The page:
the width step of
W
= 0.01m, constant extra slot length
L d
f
d
r
= 1.1 m, and different maximum number of di-
rection changes Γ
max
.
has the width W = 2.0m and the length L = 4.5 m.
(Li et al., 2016) need 19 direction changes for the
given parallel parking slot and car dimensions. Our
approach results in 19 direction changes for the given
values, too.
4.2 Limit on the Direction Changes
To compute the set of all entry positions for the given
maximum number of direction changes, we use the
car dimensions of the Renault ZOE.
In Fig. 5, we can see the entry positions heading
for the parallel parking slot with constant extra slot
length L d
f
d
r
= 1.1 m and different maximum
number of direction changes Γ
max
= 1, 2, 5, and 10
respectively.
We can see that the range of entry positions head-
ing is wider for larger extra slot width W w and for
increasing Γ
max
. Also, we can see that the entry po-
sitions are found for narrower slots for higher Γ
max
.
Finally, the set of entry positions does not need to
be continuous, i.e., the difference between two neigh-
boring entry positions could be greater than
θ
. The
range of entry positions heading then consists of the
subranges.
In Fig. 6, we can see the number of entry positions
VEHITS 2022 - 8th International Conference on Vehicle Technology and Intelligent Transport Systems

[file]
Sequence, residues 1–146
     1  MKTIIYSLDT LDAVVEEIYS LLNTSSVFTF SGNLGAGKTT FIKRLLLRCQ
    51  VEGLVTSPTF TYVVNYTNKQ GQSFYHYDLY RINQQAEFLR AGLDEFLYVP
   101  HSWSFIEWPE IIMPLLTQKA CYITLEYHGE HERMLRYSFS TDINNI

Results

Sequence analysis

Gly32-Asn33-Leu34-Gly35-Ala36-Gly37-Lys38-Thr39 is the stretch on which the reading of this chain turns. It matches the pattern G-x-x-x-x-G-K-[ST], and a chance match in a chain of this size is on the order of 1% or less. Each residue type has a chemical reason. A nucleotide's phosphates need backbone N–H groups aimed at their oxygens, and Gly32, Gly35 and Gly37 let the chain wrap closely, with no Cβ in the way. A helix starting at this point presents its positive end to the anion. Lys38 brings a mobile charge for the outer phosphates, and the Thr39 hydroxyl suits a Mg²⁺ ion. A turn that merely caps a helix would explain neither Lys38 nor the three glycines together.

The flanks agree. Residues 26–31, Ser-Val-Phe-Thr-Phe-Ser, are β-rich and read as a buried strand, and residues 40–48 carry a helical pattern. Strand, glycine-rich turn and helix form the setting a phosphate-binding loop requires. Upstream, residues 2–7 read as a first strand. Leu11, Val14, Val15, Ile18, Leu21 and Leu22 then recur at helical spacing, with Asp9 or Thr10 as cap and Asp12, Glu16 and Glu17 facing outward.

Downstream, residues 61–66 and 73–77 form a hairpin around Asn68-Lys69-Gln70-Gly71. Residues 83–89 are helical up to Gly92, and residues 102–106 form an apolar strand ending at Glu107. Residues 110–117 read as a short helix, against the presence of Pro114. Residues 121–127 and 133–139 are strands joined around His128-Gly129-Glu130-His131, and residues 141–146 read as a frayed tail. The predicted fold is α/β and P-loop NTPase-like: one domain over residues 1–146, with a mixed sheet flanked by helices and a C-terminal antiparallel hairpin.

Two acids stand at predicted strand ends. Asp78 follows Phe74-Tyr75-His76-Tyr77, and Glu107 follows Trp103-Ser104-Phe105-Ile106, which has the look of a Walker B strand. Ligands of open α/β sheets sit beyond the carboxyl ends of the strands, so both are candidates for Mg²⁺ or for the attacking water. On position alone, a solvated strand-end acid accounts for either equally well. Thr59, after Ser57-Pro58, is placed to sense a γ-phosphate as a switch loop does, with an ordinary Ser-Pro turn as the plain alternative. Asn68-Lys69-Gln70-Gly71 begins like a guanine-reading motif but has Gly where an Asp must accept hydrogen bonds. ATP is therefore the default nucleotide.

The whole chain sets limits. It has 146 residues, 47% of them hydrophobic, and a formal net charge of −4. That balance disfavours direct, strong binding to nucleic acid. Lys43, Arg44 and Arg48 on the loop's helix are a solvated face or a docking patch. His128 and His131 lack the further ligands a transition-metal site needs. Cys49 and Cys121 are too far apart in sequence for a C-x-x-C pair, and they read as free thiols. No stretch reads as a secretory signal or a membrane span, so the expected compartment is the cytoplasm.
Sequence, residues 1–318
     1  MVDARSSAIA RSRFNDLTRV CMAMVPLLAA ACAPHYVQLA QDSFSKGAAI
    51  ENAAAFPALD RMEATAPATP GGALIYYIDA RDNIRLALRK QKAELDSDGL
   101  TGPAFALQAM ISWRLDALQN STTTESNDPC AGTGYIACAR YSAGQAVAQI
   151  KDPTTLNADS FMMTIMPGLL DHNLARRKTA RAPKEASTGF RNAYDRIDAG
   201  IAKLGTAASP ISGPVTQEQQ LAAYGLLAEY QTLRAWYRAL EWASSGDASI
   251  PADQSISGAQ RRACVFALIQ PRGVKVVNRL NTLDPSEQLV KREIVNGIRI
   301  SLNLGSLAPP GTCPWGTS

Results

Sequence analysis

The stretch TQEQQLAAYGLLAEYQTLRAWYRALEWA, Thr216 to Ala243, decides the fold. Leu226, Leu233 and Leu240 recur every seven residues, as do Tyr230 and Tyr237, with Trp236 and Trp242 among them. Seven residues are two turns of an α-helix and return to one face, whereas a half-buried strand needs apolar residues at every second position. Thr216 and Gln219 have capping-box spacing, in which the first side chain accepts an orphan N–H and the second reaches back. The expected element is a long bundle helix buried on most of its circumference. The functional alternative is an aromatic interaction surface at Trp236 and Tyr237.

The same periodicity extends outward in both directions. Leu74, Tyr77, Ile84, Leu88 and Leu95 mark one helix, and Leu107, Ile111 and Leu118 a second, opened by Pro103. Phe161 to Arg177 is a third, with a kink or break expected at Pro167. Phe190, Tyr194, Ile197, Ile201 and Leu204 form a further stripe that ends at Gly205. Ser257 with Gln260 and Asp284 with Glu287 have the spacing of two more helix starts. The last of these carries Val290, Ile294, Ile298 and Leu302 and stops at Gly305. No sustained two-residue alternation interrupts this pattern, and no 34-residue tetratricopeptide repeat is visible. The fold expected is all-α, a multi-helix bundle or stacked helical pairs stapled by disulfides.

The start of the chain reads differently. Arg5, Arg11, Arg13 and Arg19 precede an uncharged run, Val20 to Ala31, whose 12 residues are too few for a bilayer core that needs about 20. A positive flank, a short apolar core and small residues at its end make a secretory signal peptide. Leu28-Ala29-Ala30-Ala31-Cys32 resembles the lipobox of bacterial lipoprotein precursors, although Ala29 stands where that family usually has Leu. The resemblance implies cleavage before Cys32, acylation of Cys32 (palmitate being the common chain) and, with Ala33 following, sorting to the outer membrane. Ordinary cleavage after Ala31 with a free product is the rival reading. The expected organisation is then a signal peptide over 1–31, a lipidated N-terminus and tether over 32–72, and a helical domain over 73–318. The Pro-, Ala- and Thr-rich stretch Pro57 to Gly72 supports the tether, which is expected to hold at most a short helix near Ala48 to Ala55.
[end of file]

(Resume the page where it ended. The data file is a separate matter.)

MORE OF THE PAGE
304
1
2
3
4
5
6
0 0.05 0.1 0.15 0.2 0.25 0.3 0.35 0.4 0.45 0.5
Number of subranges [-]
Extra slot width W - w [m]
0.5
0.6
0.7
0.8
0.9
1.0
1.1
1.2
1.3
1.4
1.5
1.6
1.7
1.8
1.9
Figure 6: The number of entry positions heading subranges
for Renault ZOE, the parallel parking slot with different ex-
tra slot width W w with the width step of
W
= 0.01 m,
extra slot length L d
f
d
r
from 0.5m up to 1.9m with the
length step of
L
= 0.1m, and constant Γ
max
= 10.
heading subranges for the parallel parking slot with
different extra slot lengths L d
f
d
r
from 0.5m up
to 1.9m and constant Γ
max
= 10.
We can see that there is only one range of entry po-
sitions heading for wide enough slots. The number of
subranges increases for narrower slots but decreases
again for the slots that are too narrow.
4.3 Minimum Slot Dimensions
To compute the minimum dimensions of a parallel
parking slot, we use the possible entry position head-
ing step
θ
= 10
4
W
=
0.01m, and the length step
L
= 0.01 m.
In Fig. 7, we can see the computed minimum di-
mensions of a parallel parking slot for Renault ZOE
and different maximum number of direction changes
Γ
max
.
Renault ZOE needs to perform at least Γ = 30 di-
rection changes when parking into the parallel park-
ing slot with extra slot length L d
f
d
r
= 0.4 m.
Also, there is a negligible improvement of 0.02m
when increasing the number of direction changes to
Γ = 100.
In Fig. 8, we can see the minimum dimensions of
a parallel parking slot for Opel Corsa, Volkswagen
transporter, and Mercedes-Benz AMG GT.
Opel Corsa can park into the parallel parking slot
with extra slot length of 0.4 m with Γ = 10 direc-
tion changes. Volkswagen transporter needs the same
number of direction changes Γ = 30 as the Renault
ZOE, although it requires more extra slot width. It
is not possible to park Mercedes-Benz AMG GT into
the parallel parking slot with extra slot length of 0.4m
0.2
0.4
0.6
0.8
1
1.2
1.4
1.6
1.8
2
0 0.1 0.2 0.3 0.4 0.5
Extra slot length L - d
f
- d
r
[m]
Extra slot width W - w [m]
Renault ZOE
Γ
max
=0
Γ
max
=1
Γ
max
=2
Γ
max
=3
Γ
max
=4
Γ
max
=5
Γ
max
=6
Γ
max
=7
Γ
max
=8
Γ
max
=9
Γ
max
=10
Γ
max
=20
Γ
max
=30
Γ
max
=40
Γ
max
=50
Γ
max
=100
Figure 7: Computed minimum dimensions of a parallel
parking slot for Renault ZOE and different maximum num-